Just a few years ago, Aloe Blacc was singing “I Need a Dollar.” Now he’s The Man.
Aloe Blacc is the man. Even if you don’t know his name yet, you’ve heard his song “The Man.” It’s been saturating the airwaves on TV commercials and at every stadium across the country. The stylish, socially conscious soul singer wrote the lyrics and performed the vocals on Avicii’s 2013 ubiquitous worldwide hit “Wake Me Up,” and his 2010 song “I Need a Dollar” was the theme song to HBO’s short-lived series “How to Make it in America.”
We caught up with Blacc in Alabama before a show on his summer tour supporting his latest album, Lift Your Spirit (featuring “The Man” and the most recent single, “Love is the Answer”). He is a headliner at this weekend’s Philly Fourth of July Jam celebration before coming to Central PA to open for Bruno Mars on July 12 at Hersheypark Stadium.
Fly Magazine: You were the uncredited singer and writer on Avicii’s “Wake Me Up.” Are people starting to realize that was you?
Aloe Blacc: Slowly but surely. I think people are just fans of the song. It takes about three or four songs for an artist to really develop true fans. So, I figure with “The Man,” I’m one song in, and if they learn about “Wake Me Up,” then perhaps it will help them become even more of a fan.
FM: Was it weird being on a worldwide smash hit and no one knew it was you?
AB: It was a different experience. I enjoy the process of being a songwriter, and quite often songwriters don’t end up being the star of the song because they have someone else singing it; like Sinatra never wrote any of the songs he sang. So that was a different experience. I enjoy the songwriting process, but I want to always be able to be the artist.
FM: Feel-good soul music is making a comeback with Pharrell Williams’ “Happy,” Mayer Hawthorne, Bruno Mars and you. Why do you think that’s happening now?
AB: It’s a perfect juxtaposition for all the really over-saturated empty pop music that’s out there. People need the mindlessness and emptiness for when they go to the club and are partying and drinking. But too much of that throughout all parts of the day becomes monotonous. When you’re coherent and sober and sane and conscious, you need to have some music that sustains that kind of mentality. Soul music does that – it gives you food when you’re awake and ready to eat.
FM: You’re able to write catchy pop songs with a deeper underlying message about social issues.
AB: Yeah, just the way Michael Jackson would do it, you know? A song like “Black and White” was literally a song about racial tolerance, but it was the biggest pop song of the time. Bob Marley’s “One Love” is one of the biggest and most well recognized reggae songs of all time, and it’s about compassion. I think if you can use pop music to deliver important positive messages, why not?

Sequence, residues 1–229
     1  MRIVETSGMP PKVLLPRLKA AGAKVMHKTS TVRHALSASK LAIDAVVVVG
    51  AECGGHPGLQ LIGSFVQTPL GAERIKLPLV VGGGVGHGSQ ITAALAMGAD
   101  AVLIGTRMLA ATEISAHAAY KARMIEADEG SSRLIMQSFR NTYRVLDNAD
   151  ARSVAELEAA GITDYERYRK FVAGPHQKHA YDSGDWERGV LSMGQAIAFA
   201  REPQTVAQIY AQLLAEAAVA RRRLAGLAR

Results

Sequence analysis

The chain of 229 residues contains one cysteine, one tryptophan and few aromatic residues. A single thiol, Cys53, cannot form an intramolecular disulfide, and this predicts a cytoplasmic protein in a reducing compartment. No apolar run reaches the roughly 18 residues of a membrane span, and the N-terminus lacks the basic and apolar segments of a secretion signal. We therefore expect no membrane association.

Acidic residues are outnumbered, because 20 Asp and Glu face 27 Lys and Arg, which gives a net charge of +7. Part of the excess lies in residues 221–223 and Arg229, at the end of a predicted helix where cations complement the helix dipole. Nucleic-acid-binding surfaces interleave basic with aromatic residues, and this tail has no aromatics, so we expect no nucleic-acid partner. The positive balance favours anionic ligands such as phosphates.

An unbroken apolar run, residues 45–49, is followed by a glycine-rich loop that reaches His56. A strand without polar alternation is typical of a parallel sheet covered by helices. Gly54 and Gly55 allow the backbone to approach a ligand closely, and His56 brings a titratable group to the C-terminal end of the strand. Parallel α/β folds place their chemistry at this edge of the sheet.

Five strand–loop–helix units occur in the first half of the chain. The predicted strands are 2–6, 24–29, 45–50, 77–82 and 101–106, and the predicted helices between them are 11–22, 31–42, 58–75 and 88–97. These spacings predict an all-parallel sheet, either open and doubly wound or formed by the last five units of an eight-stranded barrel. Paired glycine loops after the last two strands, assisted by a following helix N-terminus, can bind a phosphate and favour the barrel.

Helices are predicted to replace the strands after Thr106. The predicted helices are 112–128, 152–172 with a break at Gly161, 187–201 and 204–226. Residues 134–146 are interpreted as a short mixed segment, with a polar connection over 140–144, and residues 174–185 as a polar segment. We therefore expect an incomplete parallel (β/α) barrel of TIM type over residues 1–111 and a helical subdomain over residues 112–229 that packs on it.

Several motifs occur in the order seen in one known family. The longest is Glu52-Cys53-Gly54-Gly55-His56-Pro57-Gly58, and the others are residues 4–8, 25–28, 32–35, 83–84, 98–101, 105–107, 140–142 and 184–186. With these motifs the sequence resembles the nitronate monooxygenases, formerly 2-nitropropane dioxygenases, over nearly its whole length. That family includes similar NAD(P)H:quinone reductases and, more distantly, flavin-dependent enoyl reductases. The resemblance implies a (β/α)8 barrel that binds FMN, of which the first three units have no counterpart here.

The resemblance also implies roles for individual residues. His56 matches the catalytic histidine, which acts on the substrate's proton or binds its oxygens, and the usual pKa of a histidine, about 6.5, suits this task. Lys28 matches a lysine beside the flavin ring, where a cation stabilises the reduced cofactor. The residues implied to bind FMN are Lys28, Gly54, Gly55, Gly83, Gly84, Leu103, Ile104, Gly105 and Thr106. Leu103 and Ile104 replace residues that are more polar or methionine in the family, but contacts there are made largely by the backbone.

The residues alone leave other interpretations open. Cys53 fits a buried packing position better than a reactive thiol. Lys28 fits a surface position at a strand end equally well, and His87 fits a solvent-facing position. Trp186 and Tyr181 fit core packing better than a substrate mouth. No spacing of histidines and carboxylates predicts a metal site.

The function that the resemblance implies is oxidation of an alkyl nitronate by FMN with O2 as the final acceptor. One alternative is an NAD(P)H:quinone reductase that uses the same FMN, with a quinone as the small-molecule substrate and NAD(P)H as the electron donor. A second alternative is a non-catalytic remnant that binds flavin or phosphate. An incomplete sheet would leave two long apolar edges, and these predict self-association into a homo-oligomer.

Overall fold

FM: Who were some of the musical voices that gave you hope as a kid?
AB: I grew up listening to a lot of hip-hop music, so groups like A Tribe Called Quest, De La Soul and Public Enemy were some of my favorites. But also I listened to soul music like Sam Cooke and Stevie Wonder and also some singer-songwriter music like Joni Mitchell and James Taylor.
FM: You’re collaborating with The Roots for the Philly Fourth of July Jam. Have you played with them before?
AB: I played with them in the early days of Jimmy Fallon’s show. We did “I Need a Dollar.” They’re a really talented band and really fun.
FM: What kinds of challenges have you faced in your career?
AB: The biggest challenge is getting music in the U.S. to the popular media streams. Radio wants to know, “What else you have coming out?” TV wants to know, “Have you been on radio?” Print wants to know, “Have you been on TV?” Somebody has to take a risk at some point. The biggest challenge is getting the media to take a risk. The best way to do it is to make really good music that doesn’t require a whole lot of pushing. A song like “Wake Me Up” that kind of raises its hand on its own online before anybody picks it up is great. It’s more authentic if the music can attract people without a PR team behind it.
FM: You’ve collaborated with some of the biggest producers in music like Pharrell, Madlib and Dr. Dre. What did you learn from them?
AB: Everybody has a different process. Working with Pharrell, I got to be in the studio with him writing the song and seeing how he works. He works really quickly. Working with Madlib was different. Madlib is very hands-off. He makes the beats and sends them to you, and you pick which ones you want and record it and send it back to him. Dr. Dre kept suggesting to me to keep working on the lyrics. Get the lyrics right and get the chorus right. He’s a perfectionist. Nothing goes out if he doesn’t feel comfortable. You have different processes and different philosophies.
FM: You’re always wearing those hats. Except for a baseball hat, I can’t pull off the hat look. Do you have any style tips?
AB: That’s where we differ. I haven’t done a baseball hat in a decade. The secret is, buy what you’re comfortable in and makes sure it fits right. That’s most important.
FM: You took some lyrical inspiration from Elton John on “The Man.” Who are you a fan of that might surprise some people?
AB: Cat Stevens, Led Zeppelin, there’s some obscure funk and soul jazz artists like Eugene McDaniels or some Brazilian soul like Jorge Ben.
FM: So what’s next?
AB: Next up is a lot of travel. We’re going to finish up the Bruno tour at the end of July and head over to Europe to do some summer festivals. And in the middle of the summer, Tate Taylor’s film – Get On Up: The James Brown Story – is coming out, and I’ve got a small role. I play Nafloyd Scott – the guitar player in the Famous Flames.
FM: You’re the man, Aloe.
AB: Thanks a lot.